Glenville

Glenville faces facilities decisions

2019 will be year of "challenges," Koetzle says
The Glenville Department of Public Works yard and salt barn is shown here.
PHOTOGRAPHER:
The Glenville Department of Public Works yard and salt barn is shown here.

GLENVILLE

The town will need to make decisions about whether to renovate or replace its highway department garage and Town Hall in 2019, Town Supervisor Chris Koetzle said.

As he begins to put together next year’s town budget, Koetzle said the town also needs to start planning for a separate department to manage and maintain its parks, which it continues to expand.

But whatever initiatives he includes in the 2019 budget will also need to account for a state-imposed two percent tax cap, which will limit the increase in the town’s property tax levy to $180,000.

“Every year is going to be a challenge,” Koetzle said in a presentation this week to the Town Board.

Koetzle noted that the Town Hall and town highway garage are both antiquated and in need of replacement. The town has a $1.5 million grant for improvements to the police station in Town Hall, but said the town shouldn’t invest that money if its subsequently going to move the Town Hall elsewhere.

“I think this will be the year the board has to make a decision,” Koetzle said.

The Town Hall on Glenridge Road is located in a former movie theater that was renovated to allow office uses, and the town last year hired an architect to look at whether the building can be renovated to meet current town office needs.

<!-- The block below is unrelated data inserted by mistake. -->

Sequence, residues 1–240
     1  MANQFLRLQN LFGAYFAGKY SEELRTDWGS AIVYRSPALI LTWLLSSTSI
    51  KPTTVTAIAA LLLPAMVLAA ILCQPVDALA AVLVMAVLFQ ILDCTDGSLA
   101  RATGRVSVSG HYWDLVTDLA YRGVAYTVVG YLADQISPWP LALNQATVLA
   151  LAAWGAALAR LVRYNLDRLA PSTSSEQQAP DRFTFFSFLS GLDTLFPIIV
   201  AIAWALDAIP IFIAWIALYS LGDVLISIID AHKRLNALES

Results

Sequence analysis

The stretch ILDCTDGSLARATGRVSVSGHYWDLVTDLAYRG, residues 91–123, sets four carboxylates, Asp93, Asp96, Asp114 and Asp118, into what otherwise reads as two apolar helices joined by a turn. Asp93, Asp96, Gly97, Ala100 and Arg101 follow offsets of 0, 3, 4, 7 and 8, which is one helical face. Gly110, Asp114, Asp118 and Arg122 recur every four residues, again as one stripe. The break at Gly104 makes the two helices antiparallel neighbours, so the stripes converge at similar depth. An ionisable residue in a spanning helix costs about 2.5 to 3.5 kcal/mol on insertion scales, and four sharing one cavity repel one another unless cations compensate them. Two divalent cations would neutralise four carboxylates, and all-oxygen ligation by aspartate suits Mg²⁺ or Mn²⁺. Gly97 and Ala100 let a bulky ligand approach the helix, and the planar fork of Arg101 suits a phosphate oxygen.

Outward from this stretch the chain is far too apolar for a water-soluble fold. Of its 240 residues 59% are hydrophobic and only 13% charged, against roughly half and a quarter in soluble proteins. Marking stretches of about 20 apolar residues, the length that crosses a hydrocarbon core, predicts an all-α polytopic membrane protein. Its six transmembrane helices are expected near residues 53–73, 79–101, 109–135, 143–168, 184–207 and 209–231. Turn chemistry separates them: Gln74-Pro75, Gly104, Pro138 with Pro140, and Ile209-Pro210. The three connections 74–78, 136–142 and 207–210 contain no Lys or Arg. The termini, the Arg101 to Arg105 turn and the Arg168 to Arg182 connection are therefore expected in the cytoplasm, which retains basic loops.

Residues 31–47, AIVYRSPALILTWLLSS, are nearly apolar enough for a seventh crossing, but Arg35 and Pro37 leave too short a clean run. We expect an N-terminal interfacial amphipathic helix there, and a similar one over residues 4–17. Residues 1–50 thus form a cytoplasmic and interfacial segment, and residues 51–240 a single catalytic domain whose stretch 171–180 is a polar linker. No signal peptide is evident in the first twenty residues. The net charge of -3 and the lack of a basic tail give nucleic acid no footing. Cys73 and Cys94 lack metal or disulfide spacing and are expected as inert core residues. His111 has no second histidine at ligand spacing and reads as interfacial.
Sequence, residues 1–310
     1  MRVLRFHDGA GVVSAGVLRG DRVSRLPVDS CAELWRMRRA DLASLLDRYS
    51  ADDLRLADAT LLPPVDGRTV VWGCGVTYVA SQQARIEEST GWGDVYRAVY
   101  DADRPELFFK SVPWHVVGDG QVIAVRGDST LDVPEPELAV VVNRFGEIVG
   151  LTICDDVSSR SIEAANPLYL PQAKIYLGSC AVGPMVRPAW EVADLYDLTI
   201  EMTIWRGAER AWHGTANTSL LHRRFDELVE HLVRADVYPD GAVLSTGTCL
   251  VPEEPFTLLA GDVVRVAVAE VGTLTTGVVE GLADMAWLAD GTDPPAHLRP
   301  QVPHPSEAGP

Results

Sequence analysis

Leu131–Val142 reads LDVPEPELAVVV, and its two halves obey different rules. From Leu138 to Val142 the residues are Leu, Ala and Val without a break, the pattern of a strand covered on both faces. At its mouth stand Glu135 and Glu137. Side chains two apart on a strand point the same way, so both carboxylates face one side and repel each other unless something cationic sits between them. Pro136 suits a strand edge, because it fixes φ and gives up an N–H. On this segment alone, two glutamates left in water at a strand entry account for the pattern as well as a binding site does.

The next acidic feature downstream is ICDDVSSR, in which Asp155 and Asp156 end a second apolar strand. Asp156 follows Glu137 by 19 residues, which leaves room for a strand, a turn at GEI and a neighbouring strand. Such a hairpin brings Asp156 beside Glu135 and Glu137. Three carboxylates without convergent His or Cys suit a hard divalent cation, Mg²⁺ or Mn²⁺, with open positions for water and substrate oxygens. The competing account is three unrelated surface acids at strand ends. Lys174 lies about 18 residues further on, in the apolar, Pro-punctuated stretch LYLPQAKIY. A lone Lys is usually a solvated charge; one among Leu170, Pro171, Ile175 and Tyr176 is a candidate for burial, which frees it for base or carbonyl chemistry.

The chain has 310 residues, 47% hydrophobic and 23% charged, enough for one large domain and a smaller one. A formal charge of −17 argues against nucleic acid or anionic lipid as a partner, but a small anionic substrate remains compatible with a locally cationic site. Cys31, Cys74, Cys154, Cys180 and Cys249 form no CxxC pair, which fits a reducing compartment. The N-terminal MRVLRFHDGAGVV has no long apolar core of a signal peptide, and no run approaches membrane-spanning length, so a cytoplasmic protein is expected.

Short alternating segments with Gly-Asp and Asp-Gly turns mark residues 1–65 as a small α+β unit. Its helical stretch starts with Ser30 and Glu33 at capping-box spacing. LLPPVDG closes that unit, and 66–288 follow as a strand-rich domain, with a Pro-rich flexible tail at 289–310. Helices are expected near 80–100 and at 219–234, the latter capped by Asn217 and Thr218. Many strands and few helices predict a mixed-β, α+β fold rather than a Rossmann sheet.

The highway garage complex on Vley Road, meanwhile, has gone unimproved for decades, even as the highway department has grown.

New personnel positions already added or being planned for next year include an additional police officer,a  full-time director of human services, a grant manager in the planning department, and an additional water and sewer department of employee. Koetzle also said the highway department can’t keep up with the work needed in the town parks, and a separate park department should be created.

“We’re a town of 30,000 people and we don’t have anyone in charge of managing the parks,” Koetzle said.

The current town budget totals $17.35 million. A year ago, it increased property taxes 1.68 percent — an increase that Koetzle blames on a Schenectady County sales tax formula that has provided the town with only minimal increases in sales tax revenue.

The tentative 2019 budget is due to be filed in the town clerk’s office by Sept. 30, and reviewed by the Town Board during October. Tentative plans for a public hearing on the spending plan to be held Nov. 7, with a vote that night or soon afterward.

Reach Gazette reporter Stephen Williams at 518-395-3086, [email protected] or @gazettesteve on Twitter.

Categories: Schenectady County

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